The State of Agricultural Commodity Markets 2022


The negative externalities of trade

Trade can also generate negative environmental externalities, as production for exports can result in unsustainable freshwater withdrawals, pollution, biodiversity loss and deforestation. Trade channels economic incentives to producers across countries and, combined with weak or inadequate regulatory frameworks, can lead to negative environmental outcomes.

Trade policies can be used as tools to address such shortcomings. Environmental protection is foreseen as a legitimate justification for trade measures under the WTO rules and many recent trade agreements embed environmental clauses in an attempt to balance economic and environmental trade-offs.

Unsustainable freshwater withdrawals

Nearly all water on the earth’s surface is found in the oceans, ice caps or glaciers, and only 1 percent is available freshwater.176 Agriculture accounts for 72 percent of freshwater withdrawals worldwide, mainly for irrigation, and contributes to water stress. About 1.2 billion people live in areas where severe water scarcity challenges agriculture.177 In sub-Saharan Africa, water availability per capita declined by 40 percent over the past decade, and most of the African continent reached per capita water levels considered insufficient to meet water demand for food and other sectors.178

Agricultural production is a key driver of resource use and can lead to unsustainable water withdrawals. Because trade channels economic incentives to producers across countries to expand crop production, many observers postulate a relationship between trade and unsustainable water use. About 11 percent of groundwater depletion is estimated to be embedded in the international trade of crops.179 Another study estimates that between 2000 and 2015, food trade grew by 65 percent, while the share of unsustainable irrigation embedded in agricultural exports increased proportionally less, by 18 percent.180 This suggests that trade is not necessarily the leading driver of water scarcity and that, although it can generate a negative environmental impact, it is also efficiency enhancing, as unsustainable irrigation increased much less than agricultural exports.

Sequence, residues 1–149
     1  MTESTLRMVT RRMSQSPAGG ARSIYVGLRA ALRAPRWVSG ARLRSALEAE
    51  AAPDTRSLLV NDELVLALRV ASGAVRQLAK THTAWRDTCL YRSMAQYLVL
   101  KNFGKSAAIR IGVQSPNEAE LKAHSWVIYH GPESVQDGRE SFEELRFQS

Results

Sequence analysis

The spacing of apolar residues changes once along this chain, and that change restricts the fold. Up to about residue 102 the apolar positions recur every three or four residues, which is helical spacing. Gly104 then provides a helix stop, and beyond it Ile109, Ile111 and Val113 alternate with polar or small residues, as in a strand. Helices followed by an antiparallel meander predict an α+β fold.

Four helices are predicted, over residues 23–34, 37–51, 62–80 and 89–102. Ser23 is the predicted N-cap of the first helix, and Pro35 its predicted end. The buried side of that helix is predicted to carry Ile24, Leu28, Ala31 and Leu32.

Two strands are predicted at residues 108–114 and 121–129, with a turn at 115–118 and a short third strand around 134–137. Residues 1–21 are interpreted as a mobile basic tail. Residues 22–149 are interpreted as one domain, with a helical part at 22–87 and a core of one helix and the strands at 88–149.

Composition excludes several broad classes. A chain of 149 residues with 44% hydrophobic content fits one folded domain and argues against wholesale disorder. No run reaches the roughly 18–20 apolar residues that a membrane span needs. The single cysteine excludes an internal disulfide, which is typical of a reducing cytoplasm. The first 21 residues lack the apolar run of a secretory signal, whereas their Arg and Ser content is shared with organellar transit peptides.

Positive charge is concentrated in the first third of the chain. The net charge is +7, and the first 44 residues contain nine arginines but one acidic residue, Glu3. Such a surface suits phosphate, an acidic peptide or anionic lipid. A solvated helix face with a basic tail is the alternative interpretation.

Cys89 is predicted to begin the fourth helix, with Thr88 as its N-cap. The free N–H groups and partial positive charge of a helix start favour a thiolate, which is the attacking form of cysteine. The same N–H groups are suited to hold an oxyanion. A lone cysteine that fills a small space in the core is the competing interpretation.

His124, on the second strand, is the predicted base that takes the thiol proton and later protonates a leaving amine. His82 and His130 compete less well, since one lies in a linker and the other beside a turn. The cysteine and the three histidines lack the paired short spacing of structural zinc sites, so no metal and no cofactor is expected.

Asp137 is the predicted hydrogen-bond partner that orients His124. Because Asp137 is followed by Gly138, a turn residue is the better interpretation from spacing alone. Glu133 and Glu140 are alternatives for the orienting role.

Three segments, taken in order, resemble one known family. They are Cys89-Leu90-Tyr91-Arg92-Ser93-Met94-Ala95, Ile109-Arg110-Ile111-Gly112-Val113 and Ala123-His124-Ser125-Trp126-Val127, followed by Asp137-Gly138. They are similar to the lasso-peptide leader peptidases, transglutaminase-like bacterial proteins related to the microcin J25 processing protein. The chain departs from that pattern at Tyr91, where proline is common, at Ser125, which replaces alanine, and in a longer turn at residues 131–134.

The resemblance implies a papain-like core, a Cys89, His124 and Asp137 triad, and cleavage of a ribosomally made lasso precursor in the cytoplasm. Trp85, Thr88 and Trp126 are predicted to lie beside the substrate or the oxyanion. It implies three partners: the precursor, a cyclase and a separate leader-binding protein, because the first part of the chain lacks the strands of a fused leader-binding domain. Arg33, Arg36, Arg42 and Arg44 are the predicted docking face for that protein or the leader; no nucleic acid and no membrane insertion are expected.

Agricultural intensification and the increased use of fertilizers and pesticides have contributed to soil pollution. Using nitrogen and phosphorous in excess of what is needed for optimal plant growth causes soil pollution and leads to soil acidification, salinization, and the contamination of groundwater and surface water bodies. Pesticides can also harm the environment and soil health, particularly when overused or applied using poor practices.181

Trade enables countries to outsource their pollution by importing agricultural products rather than producing them. A study using virtual grey water flows to explore the globalization of agricultural pollution points to wide differences across countries in terms of pollution distribution through trade.ab While the grey water concept is not widely used, the study provides interesting insights, indicating that pollution is rising and increasingly concentrated in relatively few countries, and notes a positive relationship between increases in trade and increases in pollution. Importantly, the study suggests that external pollution footprints (that is, due to trade) are small compared to internal footprints (due to domestic production), indicating that local conditions are the key drivers that frame farmers’ practices.182

Biodiversity loss and deforestation

Biodiversity loss is strongly linked to land use changes and, as markets do not account for its cost, insufficient regulation and law enforcement in the producing region can result in negative outcomes (see Box 3.1). Forests host most of the world’s terrestrial biodiversity, and reductions in forest cover imply a significant biodiversity loss. Forests contain over 60 000 different species of trees. They are habitats for 80 percent of the world’s amphibian species, 75 percent of bird species and 68 percent of mammal species. Tropical forests contain about 60 percent of all the world’s vascular plants.183

BOX 3.1Trade and biodiversity: The importance of regulation

Poorly regulated markets are more prone to generating negative environmental externalities through trade.